Rotaviruses are the most common cause of diarrhoeal disease among infants and young children. Nearly every child in the world is infected with a rotavirus at least once by the age of five. Immunity develops with each infection, so subsequent infections are less severe; adults are rarely affected. There are ten species of the genus, referred to as A, B, C, D, E, F, G, H, I and J. Rotavirus A, the most common species, causes more than 90% of rotavirus infections in humans.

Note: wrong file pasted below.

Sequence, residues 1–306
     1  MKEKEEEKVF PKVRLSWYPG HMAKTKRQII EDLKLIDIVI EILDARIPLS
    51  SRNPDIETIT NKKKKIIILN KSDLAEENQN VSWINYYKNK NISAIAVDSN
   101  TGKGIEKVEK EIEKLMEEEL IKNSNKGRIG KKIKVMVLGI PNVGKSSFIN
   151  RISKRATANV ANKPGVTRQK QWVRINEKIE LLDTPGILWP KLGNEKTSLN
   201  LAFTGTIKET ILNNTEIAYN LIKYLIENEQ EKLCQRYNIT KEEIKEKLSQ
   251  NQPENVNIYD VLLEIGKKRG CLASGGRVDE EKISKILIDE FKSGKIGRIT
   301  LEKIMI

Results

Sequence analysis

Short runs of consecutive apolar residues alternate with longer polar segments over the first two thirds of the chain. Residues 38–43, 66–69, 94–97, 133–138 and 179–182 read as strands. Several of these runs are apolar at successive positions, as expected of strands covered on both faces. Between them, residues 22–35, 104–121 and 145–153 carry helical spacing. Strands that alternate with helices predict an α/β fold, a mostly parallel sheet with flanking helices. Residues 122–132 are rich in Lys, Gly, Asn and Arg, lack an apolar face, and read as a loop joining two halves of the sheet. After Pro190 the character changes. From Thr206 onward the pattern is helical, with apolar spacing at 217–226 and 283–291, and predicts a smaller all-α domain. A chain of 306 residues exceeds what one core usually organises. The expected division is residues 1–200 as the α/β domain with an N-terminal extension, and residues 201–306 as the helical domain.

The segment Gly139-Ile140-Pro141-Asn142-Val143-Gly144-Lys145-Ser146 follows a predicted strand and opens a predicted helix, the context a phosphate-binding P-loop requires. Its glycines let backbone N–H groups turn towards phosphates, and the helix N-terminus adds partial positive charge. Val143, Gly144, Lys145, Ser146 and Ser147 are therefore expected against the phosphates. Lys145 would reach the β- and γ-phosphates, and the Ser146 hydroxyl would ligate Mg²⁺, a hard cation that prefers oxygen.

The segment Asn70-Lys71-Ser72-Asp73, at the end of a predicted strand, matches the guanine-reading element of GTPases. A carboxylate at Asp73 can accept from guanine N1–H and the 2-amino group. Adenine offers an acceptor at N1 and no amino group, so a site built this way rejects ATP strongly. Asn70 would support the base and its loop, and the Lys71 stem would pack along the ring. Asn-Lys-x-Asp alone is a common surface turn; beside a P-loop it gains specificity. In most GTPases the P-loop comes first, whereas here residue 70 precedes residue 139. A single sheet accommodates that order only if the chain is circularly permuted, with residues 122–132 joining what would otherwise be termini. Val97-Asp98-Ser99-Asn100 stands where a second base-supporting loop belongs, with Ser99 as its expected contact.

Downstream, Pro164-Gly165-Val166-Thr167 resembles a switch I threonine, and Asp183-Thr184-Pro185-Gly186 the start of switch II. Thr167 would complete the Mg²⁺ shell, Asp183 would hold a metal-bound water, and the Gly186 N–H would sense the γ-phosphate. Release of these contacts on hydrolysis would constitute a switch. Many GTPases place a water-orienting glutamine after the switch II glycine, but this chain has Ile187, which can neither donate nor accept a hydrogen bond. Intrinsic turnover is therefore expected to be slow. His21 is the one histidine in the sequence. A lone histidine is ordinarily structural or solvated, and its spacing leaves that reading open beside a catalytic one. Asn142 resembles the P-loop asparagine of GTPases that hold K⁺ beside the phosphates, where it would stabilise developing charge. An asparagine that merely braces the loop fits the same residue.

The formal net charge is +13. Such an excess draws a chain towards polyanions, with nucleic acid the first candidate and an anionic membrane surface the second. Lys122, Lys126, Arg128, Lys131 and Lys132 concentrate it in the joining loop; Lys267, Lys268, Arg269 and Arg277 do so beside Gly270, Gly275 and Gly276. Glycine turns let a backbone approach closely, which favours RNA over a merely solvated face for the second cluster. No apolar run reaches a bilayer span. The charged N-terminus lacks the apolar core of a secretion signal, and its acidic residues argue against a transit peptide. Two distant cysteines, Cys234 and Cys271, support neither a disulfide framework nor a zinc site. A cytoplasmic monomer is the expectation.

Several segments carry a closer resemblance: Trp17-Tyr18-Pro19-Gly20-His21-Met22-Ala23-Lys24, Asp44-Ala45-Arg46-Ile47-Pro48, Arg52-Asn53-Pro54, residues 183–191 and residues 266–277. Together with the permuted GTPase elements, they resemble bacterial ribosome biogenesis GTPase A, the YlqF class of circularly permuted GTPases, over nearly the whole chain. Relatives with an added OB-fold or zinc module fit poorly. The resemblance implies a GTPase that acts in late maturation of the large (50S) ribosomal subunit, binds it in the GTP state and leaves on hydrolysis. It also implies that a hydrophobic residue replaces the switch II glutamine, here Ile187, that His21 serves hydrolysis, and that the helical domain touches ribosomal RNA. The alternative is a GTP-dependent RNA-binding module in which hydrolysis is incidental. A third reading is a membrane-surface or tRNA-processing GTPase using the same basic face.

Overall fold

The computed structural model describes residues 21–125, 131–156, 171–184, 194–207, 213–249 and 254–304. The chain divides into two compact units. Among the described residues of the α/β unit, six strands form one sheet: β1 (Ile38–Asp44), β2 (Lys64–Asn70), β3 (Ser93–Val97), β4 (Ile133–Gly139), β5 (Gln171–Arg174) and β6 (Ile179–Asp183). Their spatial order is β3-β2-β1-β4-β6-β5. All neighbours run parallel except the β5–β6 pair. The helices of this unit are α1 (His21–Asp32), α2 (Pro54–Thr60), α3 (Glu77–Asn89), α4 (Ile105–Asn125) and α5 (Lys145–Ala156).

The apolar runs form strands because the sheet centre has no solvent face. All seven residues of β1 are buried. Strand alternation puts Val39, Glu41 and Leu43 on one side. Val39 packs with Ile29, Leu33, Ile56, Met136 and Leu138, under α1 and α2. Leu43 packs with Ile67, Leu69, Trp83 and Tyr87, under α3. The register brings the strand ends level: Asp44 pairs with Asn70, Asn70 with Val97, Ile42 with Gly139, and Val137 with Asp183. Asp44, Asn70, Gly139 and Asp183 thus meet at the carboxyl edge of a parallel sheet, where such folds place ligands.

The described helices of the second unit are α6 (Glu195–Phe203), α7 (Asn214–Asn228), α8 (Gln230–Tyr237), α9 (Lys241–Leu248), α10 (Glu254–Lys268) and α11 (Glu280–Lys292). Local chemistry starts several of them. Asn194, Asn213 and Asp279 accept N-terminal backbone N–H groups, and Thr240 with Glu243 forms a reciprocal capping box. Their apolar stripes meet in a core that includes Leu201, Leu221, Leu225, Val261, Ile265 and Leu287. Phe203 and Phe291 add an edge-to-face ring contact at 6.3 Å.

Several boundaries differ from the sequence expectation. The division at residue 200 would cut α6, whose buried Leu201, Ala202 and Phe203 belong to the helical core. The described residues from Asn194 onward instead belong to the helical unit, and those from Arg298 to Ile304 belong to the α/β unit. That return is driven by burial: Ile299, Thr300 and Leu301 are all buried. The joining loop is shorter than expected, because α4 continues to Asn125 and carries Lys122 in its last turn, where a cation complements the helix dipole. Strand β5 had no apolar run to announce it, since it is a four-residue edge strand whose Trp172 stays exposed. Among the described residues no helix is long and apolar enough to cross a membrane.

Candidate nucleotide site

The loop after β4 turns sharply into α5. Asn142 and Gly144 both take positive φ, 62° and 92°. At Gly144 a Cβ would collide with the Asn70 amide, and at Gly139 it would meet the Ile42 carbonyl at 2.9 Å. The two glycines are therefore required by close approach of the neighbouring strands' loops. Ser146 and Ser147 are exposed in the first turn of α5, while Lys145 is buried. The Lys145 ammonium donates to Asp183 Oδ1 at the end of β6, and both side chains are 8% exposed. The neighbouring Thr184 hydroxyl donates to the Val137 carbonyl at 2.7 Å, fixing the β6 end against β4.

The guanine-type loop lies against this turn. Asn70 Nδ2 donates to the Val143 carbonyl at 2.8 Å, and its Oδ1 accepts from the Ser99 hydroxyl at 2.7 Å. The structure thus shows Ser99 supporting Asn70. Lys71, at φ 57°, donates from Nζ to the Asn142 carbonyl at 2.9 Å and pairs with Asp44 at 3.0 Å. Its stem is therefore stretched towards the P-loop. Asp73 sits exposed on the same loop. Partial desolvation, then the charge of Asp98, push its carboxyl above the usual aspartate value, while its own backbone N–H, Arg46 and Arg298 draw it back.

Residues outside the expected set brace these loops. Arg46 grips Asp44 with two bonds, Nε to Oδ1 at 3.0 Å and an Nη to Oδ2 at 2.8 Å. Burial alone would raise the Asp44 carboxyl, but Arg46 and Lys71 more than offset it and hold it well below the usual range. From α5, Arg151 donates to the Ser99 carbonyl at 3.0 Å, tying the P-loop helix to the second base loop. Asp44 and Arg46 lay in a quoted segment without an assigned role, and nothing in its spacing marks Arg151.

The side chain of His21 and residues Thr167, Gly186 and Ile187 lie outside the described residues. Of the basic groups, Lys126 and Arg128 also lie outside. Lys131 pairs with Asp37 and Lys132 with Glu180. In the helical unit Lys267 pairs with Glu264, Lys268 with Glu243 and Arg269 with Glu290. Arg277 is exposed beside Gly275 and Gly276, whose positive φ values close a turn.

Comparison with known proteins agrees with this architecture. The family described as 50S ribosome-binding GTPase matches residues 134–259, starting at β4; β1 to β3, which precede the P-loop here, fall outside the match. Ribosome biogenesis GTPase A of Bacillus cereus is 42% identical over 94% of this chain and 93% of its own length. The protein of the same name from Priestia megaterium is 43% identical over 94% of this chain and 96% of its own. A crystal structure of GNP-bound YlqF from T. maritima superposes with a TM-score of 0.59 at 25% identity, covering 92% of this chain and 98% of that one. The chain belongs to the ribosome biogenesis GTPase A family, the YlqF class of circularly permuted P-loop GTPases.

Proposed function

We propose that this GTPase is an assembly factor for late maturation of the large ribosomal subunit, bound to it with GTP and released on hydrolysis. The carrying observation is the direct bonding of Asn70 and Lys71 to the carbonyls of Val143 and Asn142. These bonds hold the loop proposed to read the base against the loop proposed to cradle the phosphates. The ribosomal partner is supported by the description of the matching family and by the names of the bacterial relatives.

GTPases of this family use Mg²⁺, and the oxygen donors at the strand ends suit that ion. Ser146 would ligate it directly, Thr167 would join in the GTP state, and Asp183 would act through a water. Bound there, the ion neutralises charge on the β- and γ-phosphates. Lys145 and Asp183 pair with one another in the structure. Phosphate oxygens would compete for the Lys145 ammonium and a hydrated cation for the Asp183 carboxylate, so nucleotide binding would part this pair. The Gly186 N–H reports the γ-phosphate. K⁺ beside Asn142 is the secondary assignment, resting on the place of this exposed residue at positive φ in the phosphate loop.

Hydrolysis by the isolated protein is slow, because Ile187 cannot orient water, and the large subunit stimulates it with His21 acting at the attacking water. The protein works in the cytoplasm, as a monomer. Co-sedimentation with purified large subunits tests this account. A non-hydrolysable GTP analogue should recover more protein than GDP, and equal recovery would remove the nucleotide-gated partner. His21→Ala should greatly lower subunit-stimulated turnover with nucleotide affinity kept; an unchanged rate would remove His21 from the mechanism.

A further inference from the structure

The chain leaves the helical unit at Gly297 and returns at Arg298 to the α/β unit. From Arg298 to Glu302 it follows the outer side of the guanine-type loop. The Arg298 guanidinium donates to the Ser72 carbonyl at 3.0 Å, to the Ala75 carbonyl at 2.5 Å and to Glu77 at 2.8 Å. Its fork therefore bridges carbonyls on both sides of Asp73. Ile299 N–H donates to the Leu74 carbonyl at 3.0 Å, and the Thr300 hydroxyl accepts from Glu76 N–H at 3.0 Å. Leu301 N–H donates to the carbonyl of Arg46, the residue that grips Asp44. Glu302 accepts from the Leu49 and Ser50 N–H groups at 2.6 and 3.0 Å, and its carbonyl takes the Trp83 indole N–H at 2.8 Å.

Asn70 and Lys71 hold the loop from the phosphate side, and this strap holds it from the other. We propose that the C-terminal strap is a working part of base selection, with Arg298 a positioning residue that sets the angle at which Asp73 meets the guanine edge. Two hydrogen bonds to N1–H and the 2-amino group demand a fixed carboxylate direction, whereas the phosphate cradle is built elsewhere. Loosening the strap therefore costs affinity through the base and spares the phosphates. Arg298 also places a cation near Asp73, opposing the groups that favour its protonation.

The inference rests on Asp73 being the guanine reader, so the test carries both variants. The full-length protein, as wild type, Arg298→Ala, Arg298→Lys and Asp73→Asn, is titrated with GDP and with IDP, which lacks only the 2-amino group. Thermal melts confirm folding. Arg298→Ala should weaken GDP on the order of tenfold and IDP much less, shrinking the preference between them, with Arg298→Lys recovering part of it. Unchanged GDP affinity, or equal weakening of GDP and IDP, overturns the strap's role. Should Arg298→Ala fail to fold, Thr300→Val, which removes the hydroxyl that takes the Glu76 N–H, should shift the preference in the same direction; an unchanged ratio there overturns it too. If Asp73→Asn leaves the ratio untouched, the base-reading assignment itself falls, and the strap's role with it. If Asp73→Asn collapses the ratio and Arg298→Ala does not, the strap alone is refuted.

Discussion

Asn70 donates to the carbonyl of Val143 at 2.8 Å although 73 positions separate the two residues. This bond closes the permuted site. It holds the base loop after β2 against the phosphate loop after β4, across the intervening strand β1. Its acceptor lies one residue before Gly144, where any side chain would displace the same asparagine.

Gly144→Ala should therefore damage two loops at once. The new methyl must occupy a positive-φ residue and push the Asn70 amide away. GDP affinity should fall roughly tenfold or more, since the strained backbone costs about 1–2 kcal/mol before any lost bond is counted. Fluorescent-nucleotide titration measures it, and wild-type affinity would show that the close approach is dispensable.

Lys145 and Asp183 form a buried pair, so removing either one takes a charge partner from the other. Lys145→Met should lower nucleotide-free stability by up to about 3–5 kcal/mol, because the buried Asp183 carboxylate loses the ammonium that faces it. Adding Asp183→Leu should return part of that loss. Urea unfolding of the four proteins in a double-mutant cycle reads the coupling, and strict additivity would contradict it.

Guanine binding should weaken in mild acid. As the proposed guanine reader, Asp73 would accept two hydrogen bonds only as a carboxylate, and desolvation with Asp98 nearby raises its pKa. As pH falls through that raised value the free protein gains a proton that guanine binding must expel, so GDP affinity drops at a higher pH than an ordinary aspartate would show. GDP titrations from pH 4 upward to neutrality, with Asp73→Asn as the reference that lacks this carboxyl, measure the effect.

The virus is transmitted by the faecal-oral route. It infects and damages the cells that line the small intestine and causes gastroenteritis (which is often called “stomach flu” despite having no relation to influenza). Rotaviral enteritis is a mild to severe disease characterised by nausea, vomiting, watery diarrhoea and low-grade fever.
Symptomatic infection rates are highest in children under two years of age and decrease progressively towards 45 years of age. Severe symptoms tend to occur in children six months to two years of age, the elderly, and those with immunodeficiency.